A report on the failure of the Remain campaign included an interesting passage that relates to the “myth of cosmopolitanism” Millman and Douthat have been talking about:

But over the course of the campaign, the most senior remainers found collegiate sympathy in a shared world view [bold mine-DL]. As one put it: “We were the pluralist, liberal, centrist force in British politics.” Pro-Europeanism became a proxy for the fusion of economic and social liberalism that had been a dominant philosophy of the political mainstream for a generation, although its proponents were scattered across partisan boundaries. These centrists were the ruling class of an unrecognised state – call it Remainia – whose people were divided between the Conservatives, Labour and Lib Dems; like a tribe whose homeland has been partitioned by some insouciant Victorian cartographer [bold mine-DL].

The description here is a useful summary of how elite “centrists” of various parties often have more in common with one another than they do with their rank-and-file supporters. These “centrists” flatter themselves that they are the “moderates” under siege from fringe ideologues at the same time that they define themselves entirely in ideological terms. If they aren’t exactly a tribe, they nonetheless share more assumptions about how the world works (or should work) than they don’t. Whatever their disagreements may be, they are firmly within the fairly narrow limits of that consensus.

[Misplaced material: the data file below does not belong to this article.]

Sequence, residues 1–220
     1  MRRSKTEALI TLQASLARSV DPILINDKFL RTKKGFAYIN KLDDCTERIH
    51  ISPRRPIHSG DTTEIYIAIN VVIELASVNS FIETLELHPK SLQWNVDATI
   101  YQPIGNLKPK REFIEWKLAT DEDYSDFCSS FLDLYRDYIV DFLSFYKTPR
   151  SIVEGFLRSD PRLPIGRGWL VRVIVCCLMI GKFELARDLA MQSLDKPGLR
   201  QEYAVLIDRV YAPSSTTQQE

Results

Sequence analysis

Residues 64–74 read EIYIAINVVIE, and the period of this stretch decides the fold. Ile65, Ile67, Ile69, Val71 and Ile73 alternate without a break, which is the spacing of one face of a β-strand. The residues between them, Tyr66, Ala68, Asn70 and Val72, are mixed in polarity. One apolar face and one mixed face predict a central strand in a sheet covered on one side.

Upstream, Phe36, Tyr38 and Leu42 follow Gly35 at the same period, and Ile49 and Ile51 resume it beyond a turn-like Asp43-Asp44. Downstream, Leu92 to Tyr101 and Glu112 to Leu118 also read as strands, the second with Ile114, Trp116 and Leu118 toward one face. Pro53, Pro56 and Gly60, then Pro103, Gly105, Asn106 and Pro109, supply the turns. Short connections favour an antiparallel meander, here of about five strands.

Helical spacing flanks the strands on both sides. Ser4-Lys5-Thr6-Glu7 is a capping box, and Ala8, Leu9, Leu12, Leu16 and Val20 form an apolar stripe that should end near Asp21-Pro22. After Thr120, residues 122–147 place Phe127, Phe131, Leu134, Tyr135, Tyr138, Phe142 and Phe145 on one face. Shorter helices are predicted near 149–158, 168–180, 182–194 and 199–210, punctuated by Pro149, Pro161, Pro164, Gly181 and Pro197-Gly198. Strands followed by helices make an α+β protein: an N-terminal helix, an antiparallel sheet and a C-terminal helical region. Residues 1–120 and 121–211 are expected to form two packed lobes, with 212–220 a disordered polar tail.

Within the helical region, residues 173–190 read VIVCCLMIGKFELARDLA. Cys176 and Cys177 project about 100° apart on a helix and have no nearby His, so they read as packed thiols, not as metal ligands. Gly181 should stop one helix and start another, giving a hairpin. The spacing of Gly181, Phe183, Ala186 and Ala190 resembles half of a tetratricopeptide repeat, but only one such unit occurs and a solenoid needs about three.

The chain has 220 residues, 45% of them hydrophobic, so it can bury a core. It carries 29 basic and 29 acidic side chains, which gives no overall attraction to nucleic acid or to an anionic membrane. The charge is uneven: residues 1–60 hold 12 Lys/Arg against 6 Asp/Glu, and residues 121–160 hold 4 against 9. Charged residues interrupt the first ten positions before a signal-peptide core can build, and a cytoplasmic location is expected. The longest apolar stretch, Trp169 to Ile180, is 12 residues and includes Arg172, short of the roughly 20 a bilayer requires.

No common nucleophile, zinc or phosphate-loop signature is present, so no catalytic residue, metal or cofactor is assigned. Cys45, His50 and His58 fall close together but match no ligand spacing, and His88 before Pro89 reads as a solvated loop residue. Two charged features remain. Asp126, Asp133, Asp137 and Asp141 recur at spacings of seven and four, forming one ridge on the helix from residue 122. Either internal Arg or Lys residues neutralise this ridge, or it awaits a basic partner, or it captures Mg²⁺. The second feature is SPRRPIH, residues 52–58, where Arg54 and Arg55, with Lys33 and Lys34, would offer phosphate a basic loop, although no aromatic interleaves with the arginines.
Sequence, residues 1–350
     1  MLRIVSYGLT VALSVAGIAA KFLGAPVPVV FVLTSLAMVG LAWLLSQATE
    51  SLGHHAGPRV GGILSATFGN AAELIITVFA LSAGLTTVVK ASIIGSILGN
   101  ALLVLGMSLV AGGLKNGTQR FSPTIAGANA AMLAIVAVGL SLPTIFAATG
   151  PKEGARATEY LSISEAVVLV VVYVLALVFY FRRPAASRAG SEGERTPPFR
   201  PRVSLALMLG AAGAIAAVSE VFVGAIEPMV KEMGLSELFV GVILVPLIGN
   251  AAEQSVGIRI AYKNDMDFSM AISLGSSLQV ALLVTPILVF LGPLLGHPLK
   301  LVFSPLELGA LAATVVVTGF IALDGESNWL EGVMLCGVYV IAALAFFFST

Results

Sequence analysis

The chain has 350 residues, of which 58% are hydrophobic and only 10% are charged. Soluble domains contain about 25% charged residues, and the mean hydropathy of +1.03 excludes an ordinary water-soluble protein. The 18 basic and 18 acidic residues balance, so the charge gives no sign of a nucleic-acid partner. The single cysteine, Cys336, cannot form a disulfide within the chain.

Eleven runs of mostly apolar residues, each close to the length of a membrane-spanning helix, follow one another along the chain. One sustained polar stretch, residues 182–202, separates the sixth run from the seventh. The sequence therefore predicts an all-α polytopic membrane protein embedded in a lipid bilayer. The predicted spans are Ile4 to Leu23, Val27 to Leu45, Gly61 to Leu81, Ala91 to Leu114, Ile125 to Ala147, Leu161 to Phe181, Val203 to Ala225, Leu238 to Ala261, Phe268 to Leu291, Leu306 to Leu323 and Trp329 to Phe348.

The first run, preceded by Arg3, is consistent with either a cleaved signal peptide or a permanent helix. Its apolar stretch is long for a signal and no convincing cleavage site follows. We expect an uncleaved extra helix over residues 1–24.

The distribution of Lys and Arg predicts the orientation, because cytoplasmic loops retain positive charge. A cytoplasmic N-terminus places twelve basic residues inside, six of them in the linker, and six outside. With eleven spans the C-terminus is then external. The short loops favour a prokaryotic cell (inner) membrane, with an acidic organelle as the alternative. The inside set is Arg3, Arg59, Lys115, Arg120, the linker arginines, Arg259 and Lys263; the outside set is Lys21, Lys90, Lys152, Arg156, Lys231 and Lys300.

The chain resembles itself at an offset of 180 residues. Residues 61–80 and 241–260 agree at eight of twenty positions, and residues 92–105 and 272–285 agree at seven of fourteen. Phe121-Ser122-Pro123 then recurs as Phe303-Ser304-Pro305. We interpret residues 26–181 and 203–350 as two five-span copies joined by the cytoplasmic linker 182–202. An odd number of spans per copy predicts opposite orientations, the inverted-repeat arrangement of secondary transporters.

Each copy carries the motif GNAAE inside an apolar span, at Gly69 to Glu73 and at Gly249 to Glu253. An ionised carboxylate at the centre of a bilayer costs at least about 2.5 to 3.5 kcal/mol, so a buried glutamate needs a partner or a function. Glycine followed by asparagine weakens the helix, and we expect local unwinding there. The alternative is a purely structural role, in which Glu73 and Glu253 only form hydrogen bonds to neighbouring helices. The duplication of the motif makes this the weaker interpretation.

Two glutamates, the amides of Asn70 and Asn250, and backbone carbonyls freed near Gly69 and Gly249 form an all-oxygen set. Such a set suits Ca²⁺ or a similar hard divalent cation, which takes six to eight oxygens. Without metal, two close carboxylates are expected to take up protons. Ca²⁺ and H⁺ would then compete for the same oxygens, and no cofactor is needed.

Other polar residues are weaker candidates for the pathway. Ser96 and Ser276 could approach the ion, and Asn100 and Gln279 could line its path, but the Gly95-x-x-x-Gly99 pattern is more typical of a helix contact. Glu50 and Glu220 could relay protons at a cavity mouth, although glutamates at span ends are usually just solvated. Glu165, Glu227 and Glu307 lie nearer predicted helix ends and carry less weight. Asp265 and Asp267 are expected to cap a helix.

The conceit that the “centrist” position is the moderate and pluralistic one is useful for justifying their unconcealed contempt for the voters. It also blinds them to the reality that there are bound to be many competing priorities in a genuinely pluralistic political system, which leaves them unable to cope when voters choose to place a higher priority on things they consider unimportant or absurd. Remain advocates assumed that most people had the same set of priorities and would be motivated only by the things that “centrists” considered acceptable. They couldn’t address the concerns voters had about immigration, for example, because they automatically viewed those concerns as ignorant and déclassé at best, and so had no answer for them. The Remainers made technocratic arguments because they think these are the most compelling arguments despite ample evidence that they leave most people cold, and then condemned the latter for failing to respond to them in the desired way. As “centrists,” they couldn’t speak meaningfully to many of their countrymen about the things that mattered to them because they had long ago decided that no one should care about such things.